available to us 24–7. Those who knew photography took literally hundreds of
pictures of Darcy and the family. Church families spent the night to help us
care for Darcy. Our pastors and deacon constantly checked on us and made sure
we were in need of nothing. They brought a church service to our home (one of
the items on Darcy’s List was to go to church.) The list is endless, but the
experience would not have been the same without the support of our church
family. Our little church became a picture of how the body of Christ should


Friends (neighbors, doctors and
nurses, and other acquaintances) were very understanding. Knowing that hundreds
of these people were available to us at a drop of a hat was so reassuring.

Total Strangers

The comments posted on Darcy’s Web site
from people all over the world were a source of inspiration to us. Finding out
about lives saved, families reunited, and people finding their way back to God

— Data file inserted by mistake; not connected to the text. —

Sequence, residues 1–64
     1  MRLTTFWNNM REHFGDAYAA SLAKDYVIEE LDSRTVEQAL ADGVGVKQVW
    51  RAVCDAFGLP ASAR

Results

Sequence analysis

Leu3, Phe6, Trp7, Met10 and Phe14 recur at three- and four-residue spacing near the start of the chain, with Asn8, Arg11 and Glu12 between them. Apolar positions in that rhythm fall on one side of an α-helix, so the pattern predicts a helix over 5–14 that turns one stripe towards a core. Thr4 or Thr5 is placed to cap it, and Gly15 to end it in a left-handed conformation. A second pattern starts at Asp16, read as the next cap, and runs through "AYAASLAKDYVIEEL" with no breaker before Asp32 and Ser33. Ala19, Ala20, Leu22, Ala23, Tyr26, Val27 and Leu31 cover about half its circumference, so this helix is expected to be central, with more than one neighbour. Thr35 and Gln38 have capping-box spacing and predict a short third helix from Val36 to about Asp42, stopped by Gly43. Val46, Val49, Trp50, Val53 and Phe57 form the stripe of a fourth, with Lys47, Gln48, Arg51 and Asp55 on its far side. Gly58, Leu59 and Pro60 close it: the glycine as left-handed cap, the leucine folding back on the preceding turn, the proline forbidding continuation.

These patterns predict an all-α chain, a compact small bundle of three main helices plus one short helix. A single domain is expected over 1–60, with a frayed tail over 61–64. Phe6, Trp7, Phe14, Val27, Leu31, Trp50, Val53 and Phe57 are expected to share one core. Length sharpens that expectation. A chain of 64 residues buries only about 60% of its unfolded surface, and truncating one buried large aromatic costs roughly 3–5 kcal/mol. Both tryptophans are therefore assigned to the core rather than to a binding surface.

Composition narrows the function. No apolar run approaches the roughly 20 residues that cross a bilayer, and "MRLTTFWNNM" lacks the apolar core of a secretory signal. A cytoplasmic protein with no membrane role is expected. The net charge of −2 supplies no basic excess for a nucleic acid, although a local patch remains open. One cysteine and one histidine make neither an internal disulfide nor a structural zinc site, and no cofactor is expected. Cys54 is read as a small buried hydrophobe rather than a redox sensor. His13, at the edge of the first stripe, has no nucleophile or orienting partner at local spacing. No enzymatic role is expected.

gave us a clear sense that Darcy’s life had purpose. We took comfort and
strength in those numbers: Approximately four thousand people a day followed
Darcy’s story!


Prayer kept us connected to God. That
connection stayed strong, due in large part to the thousands of petitions people
brought to the only One who could help.


It may be difficult to open the Bible
in times of such intense pain, but there is so much comfort to be had in
knowing what the Lord has to say about times like these. The verses I have
stated above have been my inspiration.


I played several specific songs
constantly during our time with Darcy. Now when I hear those songs every now
and then, my thoughts return to the sweet moments I had with my little girl in
my arms, her smell, her softness, her purity.